He checked his watch, thought for a moment, and then finished writing the story: "As the two men stood in the doorway to the huge potato shed, the banker turned to the farmer and joked, “Joe, you could bury a semi-truck under that pile of potatoes, and nobody would ever know!”
Joe smiled and replied, “Yep. It was a good year, Mr. Jameson. A very good year.”
As the banker turned and headed for his car, Joe could still detect the faint tire tracks in the dirt floor leading into the potato pile. Jeez, he said to himself, that damn Javier forgot to wipe out the tire tracks last night. Good thing that city-slicker banker couldn’t tell a truck tire from a bicycle tire!"
He leaned back, put his hands on the back of his head and stretched. It was late, but it felt good to finish the story on time . . . another Joe Dell story ready for the local paper to publish next week. He shut down the computer, turned out the desk light, and headed for the refrigerator for a snack before heading up to bed.
Winnie, his wife, would want to check the story before he sent it in tomorrow morning. After all, she was the one who last Winter suggested that he add a more sinister thread to his Joe Dell stories, and she was right. She suggested that Joe Dell, a successful potato farmer, hire Javier Garcia as a labor foreman, even though Javier was known to have relatives in the Cartel.
And when the Cartel approached Joe through Javier to use his farm as a distribution depot, well . . . let’s just say that it opened up a vast new array of storylines that never would have been possible before. Even he had to admit that his older Joe Dell stories were pretty boring affairs in hindsight.
And his readers, those who religiously read his stories in the County Trumpet, circulation six hundred and twenty-three, couldn’t be more thrilled. The bloodier, the better! they always told him at Sam’s Breakfast Nook every Sunday morning after church. Keep it up, they said! Things were really dull around the County after the crops were in and Joe Dell and his crooked ways kept the town humming.
In a way, his wife’s plot ideas surprised him. She was a church-going woman, never raised her voice in anger, always had a good word for everybody. So when she would drop hints about how Joe should be more aggressive with the Cartel about getting involved with their operations on a deeper level, it caught him off guard. Where did she get these ideas about gun-running and human trafficking, anyway? When did she even have the time to learn about these things, given that she had the kids to raise and the farmhouse and livestock to manage, and even drove some of the equipment in a pinch. But he took her suggestions to heart and his stories were almost like they’d been ripped from the headlines from big cities. You know, like Spokane and Boise. Being a farmer’s wife was hard. So, anything he could do to make her life a little bit more exciting was fine with him.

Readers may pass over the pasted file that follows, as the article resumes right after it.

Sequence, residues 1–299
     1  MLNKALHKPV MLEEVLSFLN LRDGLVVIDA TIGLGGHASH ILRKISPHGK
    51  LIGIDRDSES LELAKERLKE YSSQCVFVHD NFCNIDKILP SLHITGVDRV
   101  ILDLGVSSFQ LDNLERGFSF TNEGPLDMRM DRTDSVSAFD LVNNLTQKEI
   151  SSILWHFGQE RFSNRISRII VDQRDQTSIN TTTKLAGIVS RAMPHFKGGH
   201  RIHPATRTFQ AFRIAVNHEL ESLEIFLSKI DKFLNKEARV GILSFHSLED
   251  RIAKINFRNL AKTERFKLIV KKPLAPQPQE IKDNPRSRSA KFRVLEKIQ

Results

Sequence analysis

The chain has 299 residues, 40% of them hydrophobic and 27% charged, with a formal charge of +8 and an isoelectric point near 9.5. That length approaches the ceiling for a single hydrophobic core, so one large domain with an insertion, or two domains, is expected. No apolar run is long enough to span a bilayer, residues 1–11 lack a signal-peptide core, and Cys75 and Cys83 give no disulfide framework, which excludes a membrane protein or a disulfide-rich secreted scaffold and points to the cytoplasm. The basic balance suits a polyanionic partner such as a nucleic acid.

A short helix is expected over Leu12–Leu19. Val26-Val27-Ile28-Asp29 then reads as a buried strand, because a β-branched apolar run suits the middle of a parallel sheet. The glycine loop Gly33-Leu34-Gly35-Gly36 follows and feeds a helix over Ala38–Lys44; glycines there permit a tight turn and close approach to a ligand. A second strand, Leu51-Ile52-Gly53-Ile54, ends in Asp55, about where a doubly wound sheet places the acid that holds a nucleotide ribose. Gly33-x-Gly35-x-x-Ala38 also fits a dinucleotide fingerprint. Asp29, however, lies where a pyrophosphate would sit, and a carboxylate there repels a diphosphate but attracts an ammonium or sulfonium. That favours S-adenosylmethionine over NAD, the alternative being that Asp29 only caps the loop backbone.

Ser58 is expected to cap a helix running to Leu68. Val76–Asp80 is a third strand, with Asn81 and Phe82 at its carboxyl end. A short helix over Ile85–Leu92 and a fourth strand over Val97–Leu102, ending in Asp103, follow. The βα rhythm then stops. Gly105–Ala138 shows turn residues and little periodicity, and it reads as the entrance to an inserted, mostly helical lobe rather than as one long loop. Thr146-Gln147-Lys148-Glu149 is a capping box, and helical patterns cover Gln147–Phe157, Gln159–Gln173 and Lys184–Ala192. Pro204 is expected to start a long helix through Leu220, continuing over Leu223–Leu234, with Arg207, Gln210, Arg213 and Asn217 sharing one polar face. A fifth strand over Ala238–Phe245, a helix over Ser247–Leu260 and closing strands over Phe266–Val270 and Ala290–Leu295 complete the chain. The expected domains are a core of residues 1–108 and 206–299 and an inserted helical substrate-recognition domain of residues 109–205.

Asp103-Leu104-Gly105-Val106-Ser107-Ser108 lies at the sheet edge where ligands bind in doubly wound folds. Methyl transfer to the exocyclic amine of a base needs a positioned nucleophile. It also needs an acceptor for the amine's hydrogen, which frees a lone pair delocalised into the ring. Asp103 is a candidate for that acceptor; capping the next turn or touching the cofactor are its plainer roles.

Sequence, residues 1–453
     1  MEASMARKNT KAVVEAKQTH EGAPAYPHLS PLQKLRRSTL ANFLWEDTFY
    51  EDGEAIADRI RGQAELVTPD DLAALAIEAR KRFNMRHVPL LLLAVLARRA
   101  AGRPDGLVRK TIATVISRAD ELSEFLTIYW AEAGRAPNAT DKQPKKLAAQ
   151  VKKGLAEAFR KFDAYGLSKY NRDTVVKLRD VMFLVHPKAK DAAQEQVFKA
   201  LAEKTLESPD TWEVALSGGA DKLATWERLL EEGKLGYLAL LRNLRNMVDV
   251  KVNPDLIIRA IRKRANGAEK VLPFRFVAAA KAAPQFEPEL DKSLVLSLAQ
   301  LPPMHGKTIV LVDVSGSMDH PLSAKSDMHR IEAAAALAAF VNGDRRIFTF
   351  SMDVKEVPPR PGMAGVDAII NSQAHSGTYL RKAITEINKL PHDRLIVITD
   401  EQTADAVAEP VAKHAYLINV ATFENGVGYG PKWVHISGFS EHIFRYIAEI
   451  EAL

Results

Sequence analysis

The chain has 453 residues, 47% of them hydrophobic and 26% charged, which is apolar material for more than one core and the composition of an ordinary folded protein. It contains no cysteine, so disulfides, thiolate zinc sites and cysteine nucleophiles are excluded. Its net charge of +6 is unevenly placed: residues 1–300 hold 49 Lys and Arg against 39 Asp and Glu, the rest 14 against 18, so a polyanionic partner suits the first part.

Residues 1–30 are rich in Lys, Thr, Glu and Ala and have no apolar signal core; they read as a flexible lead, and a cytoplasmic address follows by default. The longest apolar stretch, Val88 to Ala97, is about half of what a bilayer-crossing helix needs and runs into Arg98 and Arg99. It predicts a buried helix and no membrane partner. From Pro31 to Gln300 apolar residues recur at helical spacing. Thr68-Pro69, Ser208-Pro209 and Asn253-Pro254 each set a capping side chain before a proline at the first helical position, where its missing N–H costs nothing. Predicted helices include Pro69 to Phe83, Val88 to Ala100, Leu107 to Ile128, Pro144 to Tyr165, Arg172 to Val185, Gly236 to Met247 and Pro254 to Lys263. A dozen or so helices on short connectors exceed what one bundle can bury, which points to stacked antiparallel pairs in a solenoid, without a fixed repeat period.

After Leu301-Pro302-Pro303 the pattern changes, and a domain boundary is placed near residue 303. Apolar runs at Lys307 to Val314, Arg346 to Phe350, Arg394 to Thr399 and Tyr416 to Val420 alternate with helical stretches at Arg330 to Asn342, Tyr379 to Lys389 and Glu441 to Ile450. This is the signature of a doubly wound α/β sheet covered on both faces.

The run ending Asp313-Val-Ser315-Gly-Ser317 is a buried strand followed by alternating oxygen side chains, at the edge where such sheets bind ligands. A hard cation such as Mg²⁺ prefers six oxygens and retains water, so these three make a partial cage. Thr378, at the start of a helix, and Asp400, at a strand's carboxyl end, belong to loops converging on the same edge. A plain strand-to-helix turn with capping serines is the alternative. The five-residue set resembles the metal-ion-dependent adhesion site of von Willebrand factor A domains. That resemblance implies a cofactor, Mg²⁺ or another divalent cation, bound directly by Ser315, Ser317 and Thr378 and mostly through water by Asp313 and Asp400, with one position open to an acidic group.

He helped himself to three scoops of chocolate ice cream and sat down on a kitchen stool to eat his snack. Every Winter he’d usually gain ten or fifteen pounds, and this Winter was no exception. In fact, he’d been putting on a lot of weight as he got older. If his wife had caught him eating this huge bowl of ice cream, he’d never hear the end of it. He was sure that his newfound heft was the reason she went to bed early these days and was always sound asleep whenever he arrived.
He cleaned up the empty bowl, dried it and left no traces of his late-night snack. Taking one more look around the kitchen, assuring himself that all was in its place, he turned off the lights and headed upstairs to bed.
Quietly he padded into the bedroom and noticed that she wasn’t in bed but was in the bathroom. The low glare of the bathroom light showed through the bottom of the door, and he could hear her moving around. He took the opportunity to undress, get into his pajamas and slip into his side of the bed. He’d pretend to be asleep when she re-entered the bedroom.
Laying on his side, he saw the bathroom light go off and heard the bathroom door open slowly. His eyes half open, he could just make out her silhouette against the little night light that still shown from the bathroom.
He blinked and then opened his eyes wide but didn’t move otherwise. There she stood, dressed in a flimsy black negligee, one hand resting up against the door jamb and her other hand on her hip.
She stood like that for a good thirty seconds and then seductively moved over to her side of the bed and gently slipped in next to him.
He still was motionless as she lay on her side facing him, covered herself, and in the darndest voice he’d ever heard, say, “I bought this just for you, Javier. Do you like it?”
And just like that, things would never be the same.